New Constitution likely in 2 years - Mugabe

Friday, February 27, 2009

Harare - Zimbabwe is likely to have a new Constitution within the next 18 to 24 months after which voters will head back to the polls for fresh elections, President Robert Mugabe has announced.

In his traditional birthday interview at Zimbabwe House in Harare this week, the President said the new inclusive government bringing together his Zanu-PF party and the Movement for Democratic Change (MDC) was not a permanent arrangement.

He said in addition to working on economic recovery, the unity government would put forward a draft constitution in preparation for the elections.

President Mugabe pointed out that the parties would most likely work with a draft document that had already been agreed upon, which would be subjected to a referendum before any parliamentary procedures could be initiated to give it legal effect.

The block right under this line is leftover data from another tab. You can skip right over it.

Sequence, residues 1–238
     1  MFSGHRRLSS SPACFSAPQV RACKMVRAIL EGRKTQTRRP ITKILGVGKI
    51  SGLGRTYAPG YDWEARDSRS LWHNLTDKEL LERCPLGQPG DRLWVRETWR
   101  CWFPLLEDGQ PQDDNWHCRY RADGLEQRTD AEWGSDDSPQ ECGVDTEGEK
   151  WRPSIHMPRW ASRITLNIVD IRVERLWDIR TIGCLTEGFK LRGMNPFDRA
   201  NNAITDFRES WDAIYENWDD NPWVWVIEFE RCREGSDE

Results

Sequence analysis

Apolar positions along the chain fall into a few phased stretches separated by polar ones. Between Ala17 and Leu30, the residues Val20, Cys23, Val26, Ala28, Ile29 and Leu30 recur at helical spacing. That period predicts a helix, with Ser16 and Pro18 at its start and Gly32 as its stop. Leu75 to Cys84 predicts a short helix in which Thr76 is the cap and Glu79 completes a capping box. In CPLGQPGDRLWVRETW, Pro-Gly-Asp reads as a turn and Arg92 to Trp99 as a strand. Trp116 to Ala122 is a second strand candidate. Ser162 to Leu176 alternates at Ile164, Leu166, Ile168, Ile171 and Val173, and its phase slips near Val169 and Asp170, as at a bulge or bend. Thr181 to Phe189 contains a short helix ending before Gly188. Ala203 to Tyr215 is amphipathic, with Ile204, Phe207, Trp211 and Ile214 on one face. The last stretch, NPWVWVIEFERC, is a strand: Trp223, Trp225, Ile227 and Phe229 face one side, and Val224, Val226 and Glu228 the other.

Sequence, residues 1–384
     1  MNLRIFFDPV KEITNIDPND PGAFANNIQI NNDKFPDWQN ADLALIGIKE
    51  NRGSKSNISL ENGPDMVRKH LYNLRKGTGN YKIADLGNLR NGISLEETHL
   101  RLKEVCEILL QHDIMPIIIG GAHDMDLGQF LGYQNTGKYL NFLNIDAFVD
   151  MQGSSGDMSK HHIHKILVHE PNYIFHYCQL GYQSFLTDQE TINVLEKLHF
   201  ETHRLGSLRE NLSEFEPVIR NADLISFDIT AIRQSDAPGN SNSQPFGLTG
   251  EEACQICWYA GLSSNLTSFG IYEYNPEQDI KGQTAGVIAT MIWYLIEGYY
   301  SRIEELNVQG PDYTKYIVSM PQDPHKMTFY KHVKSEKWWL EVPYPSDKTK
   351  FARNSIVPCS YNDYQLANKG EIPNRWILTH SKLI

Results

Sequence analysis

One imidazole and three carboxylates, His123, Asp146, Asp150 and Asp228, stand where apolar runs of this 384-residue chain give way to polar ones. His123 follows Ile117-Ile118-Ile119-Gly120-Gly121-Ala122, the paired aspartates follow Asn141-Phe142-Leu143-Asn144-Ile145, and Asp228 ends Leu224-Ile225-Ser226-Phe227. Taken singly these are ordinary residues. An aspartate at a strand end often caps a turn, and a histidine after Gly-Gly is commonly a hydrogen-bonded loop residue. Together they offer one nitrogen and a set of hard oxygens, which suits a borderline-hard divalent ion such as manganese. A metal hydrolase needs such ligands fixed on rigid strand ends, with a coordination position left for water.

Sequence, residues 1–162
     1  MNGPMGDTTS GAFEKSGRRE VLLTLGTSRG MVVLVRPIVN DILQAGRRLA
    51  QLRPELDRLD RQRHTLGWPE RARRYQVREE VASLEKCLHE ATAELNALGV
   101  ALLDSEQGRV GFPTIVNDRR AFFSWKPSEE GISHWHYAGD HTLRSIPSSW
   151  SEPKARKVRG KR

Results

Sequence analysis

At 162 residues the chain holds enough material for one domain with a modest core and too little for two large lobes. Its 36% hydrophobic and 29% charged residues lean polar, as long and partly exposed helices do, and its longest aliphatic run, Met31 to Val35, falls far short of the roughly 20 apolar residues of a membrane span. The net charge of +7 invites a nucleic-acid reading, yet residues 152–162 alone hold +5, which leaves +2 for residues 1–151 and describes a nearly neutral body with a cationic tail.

"We are an interim arrangement, we are not a permanent inclusive government. Ahead of us is a whole constitutional process which requires that we address the issue of the Constitution," he said.

President Mugabe said there was already a draft which the three parties agreed on. "They call it the Kariba Draft because that is where they came up with the document. We shall all look at it and when we are all satisfied, it shall be put to the people in a referendum."

He said that if the public agreed the draft would be passed through Parliament.

"The timeframe that was agreed on by the parties, was that within 18 to 24 months we should have a referendum. We will then have an election thereafter, perhaps in about two years' time," said President Mugabe.

The 85-year-old, who celebrated his birthday last weekend, has ruled Zimbabwe since 1980 when the Zanu-PF took control of the country from the British colonial administration.

Meanwhile, Prime Minister Morgan Tsvangiari last week requested financial assistance from the Southern African Development Community (SADC) to jump-start recovery of its battered economy. SADC finance ministers are currently meeting in Cape Town to discuss the country's financial situation.